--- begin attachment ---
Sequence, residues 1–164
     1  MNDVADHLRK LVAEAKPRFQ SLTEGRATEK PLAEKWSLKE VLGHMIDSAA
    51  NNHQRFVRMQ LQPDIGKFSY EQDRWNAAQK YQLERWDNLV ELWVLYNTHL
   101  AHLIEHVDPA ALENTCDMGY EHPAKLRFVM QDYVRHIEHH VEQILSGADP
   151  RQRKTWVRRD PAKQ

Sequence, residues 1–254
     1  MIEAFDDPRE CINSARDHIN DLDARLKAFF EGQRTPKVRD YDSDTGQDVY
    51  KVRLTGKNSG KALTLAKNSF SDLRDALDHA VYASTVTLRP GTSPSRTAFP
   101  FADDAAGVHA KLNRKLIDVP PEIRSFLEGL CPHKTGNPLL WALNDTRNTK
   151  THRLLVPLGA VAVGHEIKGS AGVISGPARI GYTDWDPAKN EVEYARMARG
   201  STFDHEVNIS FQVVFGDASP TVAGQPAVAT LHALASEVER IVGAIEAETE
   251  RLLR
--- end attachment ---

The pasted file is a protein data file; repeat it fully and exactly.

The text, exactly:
Sequence, residues 1–164
     1  MNDVADHLRK LVAEAKPRFQ SLTEGRATEK PLAEKWSLKE VLGHMIDSAA
    51  NNHQRFVRMQ LQPDIGKFSY EQDRWNAAQK YQLERWDNLV ELWVLYNTHL
   101  AHLIEHVDPA ALENTCDMGY EHPAKLRFVM QDYVRHIEHH VEQILSGADP
   151  RQRKTWVRRD PAKQ

Sequence, residues 1–254
     1  MIEAFDDPRE CINSARDHIN DLDARLKAFF EGQRTPKVRD YDSDTGQDVY
    51  KVRLTGKNSG KALTLAKNSF SDLRDALDHA VYASTVTLRP GTSPSRTAFP
   101  FADDAAGVHA KLNRKLIDVP PEIRSFLEGL CPHKTGNPLL WALNDTRNTK
   151  THRLLVPLGA VAVGHEIKGS AGVISGPARI GYTDWDPAKN EVEYARMARG
   201  STFDHEVNIS FQVVFGDASP TVAGQPAVAT LHALASEVER IVGAIEAETE
   251  RLLR